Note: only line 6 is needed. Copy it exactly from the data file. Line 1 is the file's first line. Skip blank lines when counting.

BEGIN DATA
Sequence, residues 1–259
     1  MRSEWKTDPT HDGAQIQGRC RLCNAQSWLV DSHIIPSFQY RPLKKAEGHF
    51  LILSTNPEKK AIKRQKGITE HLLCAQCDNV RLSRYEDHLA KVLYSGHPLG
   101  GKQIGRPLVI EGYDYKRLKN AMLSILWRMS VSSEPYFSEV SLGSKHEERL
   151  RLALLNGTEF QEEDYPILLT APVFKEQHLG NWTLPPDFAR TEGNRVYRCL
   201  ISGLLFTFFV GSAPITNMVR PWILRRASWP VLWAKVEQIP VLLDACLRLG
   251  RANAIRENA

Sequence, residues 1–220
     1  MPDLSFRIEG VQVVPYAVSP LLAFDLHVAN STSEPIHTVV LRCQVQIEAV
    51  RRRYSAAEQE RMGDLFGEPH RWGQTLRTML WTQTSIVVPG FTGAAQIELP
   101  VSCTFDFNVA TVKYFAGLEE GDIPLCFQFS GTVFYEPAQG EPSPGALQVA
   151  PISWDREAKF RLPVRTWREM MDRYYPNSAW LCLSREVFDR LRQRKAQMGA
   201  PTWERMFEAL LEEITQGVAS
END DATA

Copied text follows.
   201  ISGLLFTFFV GSAPITNMVR PWILRRASWP VLWAKVEQIP VLLDACLRLG